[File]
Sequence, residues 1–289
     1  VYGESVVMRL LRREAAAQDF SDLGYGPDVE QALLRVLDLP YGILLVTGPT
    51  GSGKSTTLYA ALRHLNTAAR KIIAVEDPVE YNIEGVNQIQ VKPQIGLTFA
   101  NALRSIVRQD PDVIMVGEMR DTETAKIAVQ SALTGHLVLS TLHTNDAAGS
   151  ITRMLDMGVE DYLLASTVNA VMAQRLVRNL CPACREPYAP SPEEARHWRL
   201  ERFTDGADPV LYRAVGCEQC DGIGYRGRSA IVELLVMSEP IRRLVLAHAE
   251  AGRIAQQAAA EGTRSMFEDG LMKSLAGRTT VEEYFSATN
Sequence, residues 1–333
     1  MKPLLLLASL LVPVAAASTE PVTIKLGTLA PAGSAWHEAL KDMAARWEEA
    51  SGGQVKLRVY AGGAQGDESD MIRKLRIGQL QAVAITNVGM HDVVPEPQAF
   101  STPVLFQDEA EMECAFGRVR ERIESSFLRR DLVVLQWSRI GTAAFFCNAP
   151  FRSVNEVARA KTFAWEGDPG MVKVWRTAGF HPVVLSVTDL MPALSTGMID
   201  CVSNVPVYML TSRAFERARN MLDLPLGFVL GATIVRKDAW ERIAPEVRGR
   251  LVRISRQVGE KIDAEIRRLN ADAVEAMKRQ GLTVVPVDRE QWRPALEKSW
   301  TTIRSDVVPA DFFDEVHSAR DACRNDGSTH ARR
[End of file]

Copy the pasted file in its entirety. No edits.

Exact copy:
Sequence, residues 1–289
     1  VYGESVVMRL LRREAAAQDF SDLGYGPDVE QALLRVLDLP YGILLVTGPT
    51  GSGKSTTLYA ALRHLNTAAR KIIAVEDPVE YNIEGVNQIQ VKPQIGLTFA
   101  NALRSIVRQD PDVIMVGEMR DTETAKIAVQ SALTGHLVLS TLHTNDAAGS
   151  ITRMLDMGVE DYLLASTVNA VMAQRLVRNL CPACREPYAP SPEEARHWRL
   201  ERFTDGADPV LYRAVGCEQC DGIGYRGRSA IVELLVMSEP IRRLVLAHAE
   251  AGRIAQQAAA EGTRSMFEDG LMKSLAGRTT VEEYFSATN
Sequence, residues 1–333
     1  MKPLLLLASL LVPVAAASTE PVTIKLGTLA PAGSAWHEAL KDMAARWEEA
    51  SGGQVKLRVY AGGAQGDESD MIRKLRIGQL QAVAITNVGM HDVVPEPQAF
   101  STPVLFQDEA EMECAFGRVR ERIESSFLRR DLVVLQWSRI GTAAFFCNAP
   151  FRSVNEVARA KTFAWEGDPG MVKVWRTAGF HPVVLSVTDL MPALSTGMID
   201  CVSNVPVYML TSRAFERARN MLDLPLGFVL GATIVRKDAW ERIAPEVRGR
   251  LVRISRQVGE KIDAEIRRLN ADAVEAMKRQ GLTVVPVDRE QWRPALEKSW
   301  TTIRSDVVPA DFFDEVHSAR DACRNDGSTH ARR